mortgage

How a neighborhood holds value

Bankrate Audio » How A Neighborhood Holds Value

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You don't need a crystal ball to see where a neighborhood's headed.

Tell-tale signs can shed light on what's in store for your neck of the woods. I'm Janet Stauble with your Bankrate.com Personal Finance Minute.

The single most important factor in maintaining property value is proximity to high-paying jobs. A prominent college or a research facility are good neighbors to have. Even if it's not the fanciest neighborhood, it'll still retain value.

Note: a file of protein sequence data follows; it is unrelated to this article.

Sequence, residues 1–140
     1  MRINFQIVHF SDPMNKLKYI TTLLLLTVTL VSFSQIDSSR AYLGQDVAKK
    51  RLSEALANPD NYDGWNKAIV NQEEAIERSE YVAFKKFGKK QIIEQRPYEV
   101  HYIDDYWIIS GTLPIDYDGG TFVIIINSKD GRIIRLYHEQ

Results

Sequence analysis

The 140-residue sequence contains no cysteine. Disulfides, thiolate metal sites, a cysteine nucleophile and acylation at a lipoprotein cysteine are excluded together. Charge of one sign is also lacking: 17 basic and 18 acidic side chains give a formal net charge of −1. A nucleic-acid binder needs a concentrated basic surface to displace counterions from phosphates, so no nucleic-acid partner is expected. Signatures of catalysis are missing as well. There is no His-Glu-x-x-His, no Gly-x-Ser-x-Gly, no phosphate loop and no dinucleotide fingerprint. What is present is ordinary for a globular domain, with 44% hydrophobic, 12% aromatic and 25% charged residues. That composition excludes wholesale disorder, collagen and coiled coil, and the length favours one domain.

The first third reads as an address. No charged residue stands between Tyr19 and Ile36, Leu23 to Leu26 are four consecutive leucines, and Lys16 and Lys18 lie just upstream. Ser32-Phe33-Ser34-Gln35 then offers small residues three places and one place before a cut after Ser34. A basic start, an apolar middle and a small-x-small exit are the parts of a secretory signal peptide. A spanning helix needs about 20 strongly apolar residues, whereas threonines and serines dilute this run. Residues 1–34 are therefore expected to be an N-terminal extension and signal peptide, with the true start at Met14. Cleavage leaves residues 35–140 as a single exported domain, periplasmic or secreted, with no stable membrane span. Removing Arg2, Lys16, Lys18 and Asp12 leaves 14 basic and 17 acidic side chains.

And a pleasing park and nice retail stores nearby certainly don’t hurt.

Of course, almost every neighborhood has "that" house. But if you notice a pattern of unkempt homes and eyesores, it could be the sign of a slide.

Consistently rising home values over the long term are a good sign. Looking at recent figures will give you a skewed perspective. You wouldn't check two days of weather to find out about a climate, so look at the pattern of property values going back 10 or 20 years, predating the bubble.

Low crime rates are always in demand, and safety can set a neighborhood apart from riskier areas.

Want to know more? Log onto Bankrate.com. I'm Janet Stauble.

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